There aren't any sidequests until you get to Pulse, because that's where it makes sense. Finally, your characters are in a wide open world where they're not surrounded by fearful people; they're surrounded by monsters they can kill for EXP. It's like getting the airship in any other FF game, because finally it's not all linear: the characters can go anywhere and do anything.

Now, there is one thing here I want to bring up, not necessarily as a criticism, but a discussion point. Levelling up in the game is locked in each chapter; you can only upgrade your Crystarium to a certain point until you beat the boss for the level and continue on. In previous games you could grind as much as you wanted, but you're capped in this game. On the one hand, I respect the developers' decision to decide the difficulty scale for progress throughout the game; on the other hand, I like the freedom of being able to decide how much I want to level up. I think a happy medium would have been to lock each stage of the Crystarium, the way it is in the game, on a first playthrough, but to have free reign on a New Game+. Unfortunately, this option doesn't exist, but I think it would be a good compromise between the developers' vision and the player's freedom. (It's worth noting that FFXIII-2's Crystarium doesn't have this same locking system, probably due to the non-linearity of the game.)


Is FFXIII a perfect game? Absolutely not. I think the length of time it takes to freely control your paradigms, and to get a three-person party, is far too long. It makes sense for the plot, yes, but from a gameplay perspective it's tedious, and I absolutely get where people are coming from when they complain about that. But I've also seen seen people say that the entire Cocoon segment is too long, and that's like saying everything up to the Calm Lands in FFX takes too long.

The reality is that Final Fantasy games are linear. There are very few games in the FF series that aren't linear. You know what the two most notable ones are? FFX-2 and FFXIII-2. Yeah, think about that for a minute: one of the reasons FFX-2 is non-linear is because of complaints about FFX being so linear. Hmmm, where have I heard that before? Oh, wait.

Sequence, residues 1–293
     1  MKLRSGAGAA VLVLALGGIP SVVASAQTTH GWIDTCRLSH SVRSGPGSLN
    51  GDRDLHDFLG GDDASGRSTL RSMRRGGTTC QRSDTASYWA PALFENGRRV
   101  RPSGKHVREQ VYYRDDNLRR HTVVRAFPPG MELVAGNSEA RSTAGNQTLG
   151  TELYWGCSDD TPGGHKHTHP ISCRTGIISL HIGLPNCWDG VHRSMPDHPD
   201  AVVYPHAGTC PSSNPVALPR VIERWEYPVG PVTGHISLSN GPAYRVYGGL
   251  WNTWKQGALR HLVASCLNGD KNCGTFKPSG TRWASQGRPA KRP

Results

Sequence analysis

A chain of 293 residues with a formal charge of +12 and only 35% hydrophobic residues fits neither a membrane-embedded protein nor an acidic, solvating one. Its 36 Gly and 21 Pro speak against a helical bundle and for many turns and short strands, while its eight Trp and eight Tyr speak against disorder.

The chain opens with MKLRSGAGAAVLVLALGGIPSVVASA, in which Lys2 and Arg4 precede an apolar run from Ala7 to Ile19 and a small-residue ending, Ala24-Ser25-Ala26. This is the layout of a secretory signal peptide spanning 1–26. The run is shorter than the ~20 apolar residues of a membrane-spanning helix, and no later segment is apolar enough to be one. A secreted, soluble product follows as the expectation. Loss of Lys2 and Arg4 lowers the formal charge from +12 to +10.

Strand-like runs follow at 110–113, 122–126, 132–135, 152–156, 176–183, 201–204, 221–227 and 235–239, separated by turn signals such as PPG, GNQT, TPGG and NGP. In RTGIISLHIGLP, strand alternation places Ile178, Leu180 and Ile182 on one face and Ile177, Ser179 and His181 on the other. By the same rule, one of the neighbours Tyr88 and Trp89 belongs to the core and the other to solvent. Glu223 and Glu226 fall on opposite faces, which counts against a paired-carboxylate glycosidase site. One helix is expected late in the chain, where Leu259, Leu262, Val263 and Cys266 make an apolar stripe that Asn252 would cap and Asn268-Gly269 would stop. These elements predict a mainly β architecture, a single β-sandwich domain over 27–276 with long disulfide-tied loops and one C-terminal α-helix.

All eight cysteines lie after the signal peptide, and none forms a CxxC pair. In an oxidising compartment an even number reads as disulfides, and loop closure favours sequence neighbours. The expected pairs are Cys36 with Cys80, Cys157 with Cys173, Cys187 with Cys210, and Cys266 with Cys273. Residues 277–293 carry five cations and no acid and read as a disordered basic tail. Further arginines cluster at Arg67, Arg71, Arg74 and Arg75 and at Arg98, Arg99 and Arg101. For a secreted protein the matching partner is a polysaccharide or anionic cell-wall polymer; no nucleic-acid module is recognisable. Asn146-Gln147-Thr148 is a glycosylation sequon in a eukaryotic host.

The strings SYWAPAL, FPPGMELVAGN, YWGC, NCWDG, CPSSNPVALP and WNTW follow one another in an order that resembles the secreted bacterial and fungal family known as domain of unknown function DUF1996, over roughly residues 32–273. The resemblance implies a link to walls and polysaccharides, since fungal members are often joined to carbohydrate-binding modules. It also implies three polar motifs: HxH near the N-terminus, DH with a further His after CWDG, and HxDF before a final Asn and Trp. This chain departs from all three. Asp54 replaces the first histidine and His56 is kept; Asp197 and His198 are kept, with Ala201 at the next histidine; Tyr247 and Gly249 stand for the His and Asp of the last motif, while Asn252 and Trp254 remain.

And here's the thing: linearity isn't a bad thing. Yes, sidequests are fun, and a key part of the RPG experience. But has anyone ever really played the Final Fantasy series for its sidequests more than its story? There are other games for that — lots of them!

I happen to like FFXIII's plot a lot. You might not. That's fine. It would be boring if we all liked the same things. I like its gameplay, too, I think it's one of the most fun in the series. Again, you might not like it at all. Or maybe you do like it! Awesome.

The purpose of this page isn't to change your opinions, but to invite you to think critically about the subject. As a fan of FFXIII and its sequels, it's very tiring to see it bashed on the internet so constantly. Whether or not you like it, whether you think it's the best game ever or the worst thing Square Enix has ever put out, please remember to be courteous to others when discussing your opinions, and agree to disagree. There's no reason to be nasty and rude to someone just because you don't like the same video game.